The Seahawks Defense: What Went Wrong


I don’t think I need to lay out the stats of how different the Seahawks defense has been the past 4 gaves vs the first 5. In the first 5 games, they were elite; one of the games absolute best. Over the past 4, they’ve been abismal, or at least they have been at times.

I wish it was as simple as a key injury, like it was in 2010. The Seahawks defense was decent that year until Red Bryant got hurt, then they couldn’t stop anyone’s ground attack. While there have been injuries, they don’t explain the difference this year.

Another problem is that it also hasn’t been one phase of the defense that has been bad. Against the Patriots and Lions it was the pass defense. Against the 49ers and Vikings it was the run defense. So it’s not a single failing that we can look for and fix. Instead there’s something systemically wrong with then entire group.

I went back and looked at the film from all 9 games just to try and see what the difference has been, and there’s a few common things I saw that I felt I needed to share.

Sept. 8, 2012; Glendale, AZ, USA; Seattle Seahawks defensive tackle Brandon Mebane (92) celebrates after recovering a fumble during the first half against the Arizona Cardinals at University of Phoenix Stadium. Mandatory Credit: Matt Kartozian-US PRESSWIRE

1) Brandon Mebane – In the first 5 games, Mebane was a disruptive force, both against the run and in the pass rush. Over the past 4 games, he’s been the opposite. He’s getting pushed back off the line against the run, and isn’t getting any push up the middle against the pass.

It would seem like there’s an injury here, but he doesn’t show up on the injury report. This drop off in his play also happened last year and in 2010, though in those years it happened much later in the season. The assumption was just that he wore down after a long season. This year was supposed to be different. Jason Jones and Clinton McDonald have both helped decrease Mebane’s playing time to help keep him fresh, but it clearly hasn’t helped at all.

2) Substitution Problems – The Seahawks defense has a huge number of specialists on it. For example, Red Bryant is a great run stopper but fairly useless against the pass. Bruce Irvin is the opposite, which is why he and Bryant share the same position. The same is true, but to a lesser extent, for Alan Branch and Jones. And then there’s Mebane, who’s normally good against both while his backup McDonald is purely a pass rusher.

The substitutions worked early on, but they’ve been a liability recently. Opposing teams have been manipulating the Seahawks into subbing in the wrong personnel package, and using it to their advantage. The Patriots spent most of the first half throwing the ball against the Seahawks heavy line with Branch and Bryant. Not surprisingly, the Tom Brady had almost no pressure on him the entire half.

The 49ers did much of the same thing, but in reverse. There has been a lot already written about the trap runs that the 49ers used against the Seahawks. What you probably haven’t seen is that on almost every trap they ran, it was the pass rushing specialist McDonald who was victimized on the play. When Bruce Irvin came in, they ran to his side of the field over and over, and he was unable to set the edge the way Bryant does. Not that it would be fair to expect him to, as Bryant outweighs him by 80 pounds.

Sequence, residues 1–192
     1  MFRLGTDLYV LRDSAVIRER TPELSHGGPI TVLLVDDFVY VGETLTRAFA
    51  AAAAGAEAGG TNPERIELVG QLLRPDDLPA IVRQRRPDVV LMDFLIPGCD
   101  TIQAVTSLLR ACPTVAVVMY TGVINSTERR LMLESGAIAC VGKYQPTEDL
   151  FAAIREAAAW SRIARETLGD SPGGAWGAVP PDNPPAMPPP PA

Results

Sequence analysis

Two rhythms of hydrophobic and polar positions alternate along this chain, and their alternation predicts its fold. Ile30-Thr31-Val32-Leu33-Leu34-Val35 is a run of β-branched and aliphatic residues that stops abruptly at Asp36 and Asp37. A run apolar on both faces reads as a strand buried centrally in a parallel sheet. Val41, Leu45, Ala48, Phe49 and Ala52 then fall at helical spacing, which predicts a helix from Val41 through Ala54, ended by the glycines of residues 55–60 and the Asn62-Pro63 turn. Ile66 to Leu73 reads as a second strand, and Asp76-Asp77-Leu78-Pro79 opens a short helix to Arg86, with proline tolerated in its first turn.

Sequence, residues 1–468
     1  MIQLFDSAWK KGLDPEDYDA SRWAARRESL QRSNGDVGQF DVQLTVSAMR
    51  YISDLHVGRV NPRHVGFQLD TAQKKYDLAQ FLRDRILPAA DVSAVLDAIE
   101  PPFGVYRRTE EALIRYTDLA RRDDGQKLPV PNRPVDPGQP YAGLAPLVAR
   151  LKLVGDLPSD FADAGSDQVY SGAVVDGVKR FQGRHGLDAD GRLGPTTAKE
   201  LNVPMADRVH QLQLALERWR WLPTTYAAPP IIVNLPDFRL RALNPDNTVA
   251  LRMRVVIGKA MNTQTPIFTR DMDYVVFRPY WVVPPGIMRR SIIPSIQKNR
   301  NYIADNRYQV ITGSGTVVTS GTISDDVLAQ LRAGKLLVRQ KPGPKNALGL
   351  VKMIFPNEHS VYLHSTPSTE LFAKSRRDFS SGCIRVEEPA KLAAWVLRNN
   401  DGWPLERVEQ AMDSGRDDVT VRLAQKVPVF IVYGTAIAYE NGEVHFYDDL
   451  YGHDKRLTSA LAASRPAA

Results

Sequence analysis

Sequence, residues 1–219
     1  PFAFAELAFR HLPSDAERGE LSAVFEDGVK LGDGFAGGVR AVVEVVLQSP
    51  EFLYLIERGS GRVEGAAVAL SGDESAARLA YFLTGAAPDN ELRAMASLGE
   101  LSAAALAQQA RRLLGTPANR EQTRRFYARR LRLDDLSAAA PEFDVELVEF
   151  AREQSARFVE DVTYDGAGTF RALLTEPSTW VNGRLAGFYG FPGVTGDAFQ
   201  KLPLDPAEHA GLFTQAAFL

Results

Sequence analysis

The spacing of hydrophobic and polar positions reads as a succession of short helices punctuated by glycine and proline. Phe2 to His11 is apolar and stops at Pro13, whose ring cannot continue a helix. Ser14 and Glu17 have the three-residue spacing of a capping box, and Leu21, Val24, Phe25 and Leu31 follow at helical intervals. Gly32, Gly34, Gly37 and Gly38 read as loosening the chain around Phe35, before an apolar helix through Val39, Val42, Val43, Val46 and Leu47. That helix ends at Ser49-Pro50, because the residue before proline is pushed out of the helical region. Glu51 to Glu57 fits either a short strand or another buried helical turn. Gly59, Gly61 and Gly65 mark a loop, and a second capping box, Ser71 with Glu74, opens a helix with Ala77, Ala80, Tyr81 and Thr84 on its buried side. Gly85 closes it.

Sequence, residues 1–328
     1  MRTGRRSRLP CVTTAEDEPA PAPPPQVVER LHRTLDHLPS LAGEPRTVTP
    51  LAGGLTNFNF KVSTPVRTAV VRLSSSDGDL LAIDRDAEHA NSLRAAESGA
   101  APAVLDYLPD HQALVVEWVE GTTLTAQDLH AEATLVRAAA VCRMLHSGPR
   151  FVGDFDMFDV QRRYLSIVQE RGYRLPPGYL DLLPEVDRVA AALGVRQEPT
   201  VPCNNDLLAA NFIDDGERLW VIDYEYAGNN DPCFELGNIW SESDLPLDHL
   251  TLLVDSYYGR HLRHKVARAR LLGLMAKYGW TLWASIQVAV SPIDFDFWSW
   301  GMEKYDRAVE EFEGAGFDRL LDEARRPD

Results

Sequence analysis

3) Lack Of Quality Depth – When the starters go to the sidelines, bad things happen. We saw that this weekend when KJ Wright had to leave the game with a concussion. The drop off between him and Mike Morgan was really apparent. Plus, Morgan is also the primary backup at both outside linebacker spots, with Wright being the backup in the middle. The Seahawks were simply unable to get their linebackers a breather when they needed one.

It could also be seen in the drop off from Jones to Greg Scruggs. Scruggs is a decent player who probably has a bright future, but he just doesn’t match the quality and consistency that Jones brings. Scruggs was simply ineffective against the Lions, and the lack of an inside pass rush was most of the reason the Seahawks couldn’t stop Matthew Stafford.

But it’s more than just what happened with the 2 injuries. As I said above in point #2, the backups are all specialists. There’s no true backup for Mebane or Branch or Bryant. If those guys get tired, there’s no one available to take their place.

4) Being Overly Agressive – This is mostly true in the 2 games in which they gave up a ton of running yards. The linebackers are over-pursuing and leaving their assignments, only to have the back cut back into the place the LB was supposed to be. They need to be more disciplined, and get back to doing their own job and trusting their teammates to their’s.

5) Not Enough Press Coverage – I didn’t believe it when Pete Carroll said it this morning on the radio, but it’s true: The Seahawks play less man to man coverage (even in weeks 1-5) than we, the fans, realized. They disguise the zones well, often having the corner start out in press coverage anyways, only to release the WR to another defender 10-15 yards down field. It looks like man coverage, but it isn’t.

For some reason, the Seahawks have gotten away from that recently. The press has been happening when it was actually man coverage, and the zone looks had the corners playing off more. This change has been part of the problem. The Seahawks are at their best when they’re challenging the receivers at the line and disrupting their timing. They need to get back to that.